In English, many things are named after a particular country – but have you ever wondered what those things are called in those countries?
1buque con aparejo redondo masculinebuque con aparejo de cruz masculine
- ‘People love ‘tall ships’ of course,’ Cullivan says pointing to a 300-foot square-rigger of 1886 moored at the pier.
- In 2001, an exact replica of Capt. James Cook's famous square-rigger was launched with a modern crew to retrace the most perilous leg of his historic voyage of discovery from Australia to Indonesia.
- But the men who rounded the Horn in the old square-riggers were really tough guys and the Association of Cape Horners adopted the albatross as its symbol.
- For square-riggers, the island had a perfect strategic location for control of the island chain to the south, and it had, in English Harbour, one of the world's most protected anchorages.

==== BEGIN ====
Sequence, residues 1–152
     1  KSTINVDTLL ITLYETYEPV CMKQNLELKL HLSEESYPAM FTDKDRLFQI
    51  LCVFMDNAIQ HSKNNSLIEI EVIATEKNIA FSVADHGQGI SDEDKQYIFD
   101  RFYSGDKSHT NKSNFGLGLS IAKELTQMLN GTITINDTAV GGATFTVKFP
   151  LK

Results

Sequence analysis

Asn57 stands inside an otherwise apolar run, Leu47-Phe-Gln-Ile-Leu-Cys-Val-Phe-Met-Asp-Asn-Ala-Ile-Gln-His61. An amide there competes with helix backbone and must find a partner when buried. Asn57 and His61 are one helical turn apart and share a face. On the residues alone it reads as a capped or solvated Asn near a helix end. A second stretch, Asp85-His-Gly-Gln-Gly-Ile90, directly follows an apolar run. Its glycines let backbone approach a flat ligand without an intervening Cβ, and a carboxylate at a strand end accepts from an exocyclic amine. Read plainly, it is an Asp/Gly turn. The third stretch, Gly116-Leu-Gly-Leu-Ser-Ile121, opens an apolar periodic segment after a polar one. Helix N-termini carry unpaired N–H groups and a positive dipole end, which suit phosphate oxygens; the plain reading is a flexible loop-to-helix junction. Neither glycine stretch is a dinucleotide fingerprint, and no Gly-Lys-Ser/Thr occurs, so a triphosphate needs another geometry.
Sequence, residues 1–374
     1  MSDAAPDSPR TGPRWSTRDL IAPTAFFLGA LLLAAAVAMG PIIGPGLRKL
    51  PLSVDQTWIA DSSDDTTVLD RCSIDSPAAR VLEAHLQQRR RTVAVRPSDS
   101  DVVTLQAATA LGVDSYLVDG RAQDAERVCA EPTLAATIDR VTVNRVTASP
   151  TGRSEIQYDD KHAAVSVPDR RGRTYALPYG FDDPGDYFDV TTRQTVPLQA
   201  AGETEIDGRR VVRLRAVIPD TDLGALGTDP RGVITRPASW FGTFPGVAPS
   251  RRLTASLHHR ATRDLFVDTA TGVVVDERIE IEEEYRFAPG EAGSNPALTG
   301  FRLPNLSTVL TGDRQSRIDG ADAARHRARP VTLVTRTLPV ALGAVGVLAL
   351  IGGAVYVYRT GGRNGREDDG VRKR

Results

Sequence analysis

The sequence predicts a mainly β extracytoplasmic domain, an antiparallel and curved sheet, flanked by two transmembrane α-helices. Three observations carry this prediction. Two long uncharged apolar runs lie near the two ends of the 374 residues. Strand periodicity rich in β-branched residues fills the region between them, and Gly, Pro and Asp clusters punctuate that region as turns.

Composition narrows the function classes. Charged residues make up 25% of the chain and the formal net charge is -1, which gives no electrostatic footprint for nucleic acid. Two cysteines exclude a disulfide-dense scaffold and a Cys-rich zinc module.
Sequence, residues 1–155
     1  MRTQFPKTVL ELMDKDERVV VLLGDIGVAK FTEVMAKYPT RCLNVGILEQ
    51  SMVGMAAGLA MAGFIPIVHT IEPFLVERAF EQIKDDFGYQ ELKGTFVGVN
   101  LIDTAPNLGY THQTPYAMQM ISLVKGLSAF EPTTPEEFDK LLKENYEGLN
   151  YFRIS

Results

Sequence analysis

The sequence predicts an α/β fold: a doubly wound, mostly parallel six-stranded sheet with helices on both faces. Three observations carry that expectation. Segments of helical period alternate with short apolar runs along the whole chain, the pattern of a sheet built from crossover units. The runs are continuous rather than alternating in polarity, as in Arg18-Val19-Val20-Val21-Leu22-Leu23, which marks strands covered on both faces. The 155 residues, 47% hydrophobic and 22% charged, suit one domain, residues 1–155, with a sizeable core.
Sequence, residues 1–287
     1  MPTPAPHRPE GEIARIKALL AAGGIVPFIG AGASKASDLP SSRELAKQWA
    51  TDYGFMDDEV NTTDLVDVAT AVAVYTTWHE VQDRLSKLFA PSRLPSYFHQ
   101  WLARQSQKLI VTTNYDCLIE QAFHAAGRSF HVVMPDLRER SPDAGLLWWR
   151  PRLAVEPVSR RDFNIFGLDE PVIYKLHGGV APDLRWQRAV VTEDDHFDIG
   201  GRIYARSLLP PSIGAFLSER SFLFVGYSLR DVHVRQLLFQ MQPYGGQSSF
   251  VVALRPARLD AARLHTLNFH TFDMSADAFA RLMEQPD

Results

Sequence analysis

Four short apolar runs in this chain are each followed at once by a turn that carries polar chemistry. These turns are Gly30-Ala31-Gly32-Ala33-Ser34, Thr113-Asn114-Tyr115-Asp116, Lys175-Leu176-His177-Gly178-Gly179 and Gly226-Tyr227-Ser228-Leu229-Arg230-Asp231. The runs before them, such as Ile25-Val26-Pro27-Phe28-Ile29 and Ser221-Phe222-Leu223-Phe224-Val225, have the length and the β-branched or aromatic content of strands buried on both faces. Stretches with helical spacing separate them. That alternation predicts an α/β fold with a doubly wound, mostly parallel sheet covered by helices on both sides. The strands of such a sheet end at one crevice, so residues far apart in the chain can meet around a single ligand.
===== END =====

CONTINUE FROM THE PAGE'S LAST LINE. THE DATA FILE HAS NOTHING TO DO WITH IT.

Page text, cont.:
- We'd boarded the five-masted square-rigger Royal Clipper about 12 hours earlier, but my first evening afloat was shrouded in a somewhat hazy glow.
English has borrowed many of the following foreign expressions of parting, so you’ve probably encountered some of these ways to say goodbye in other languages.
Many words formed by the addition of the suffix –ster are now obsolete - which ones are due a resurgence?
As their breed names often attest, dogs are a truly international bunch. Let’s take a look at 12 different dog breed names and their backstories.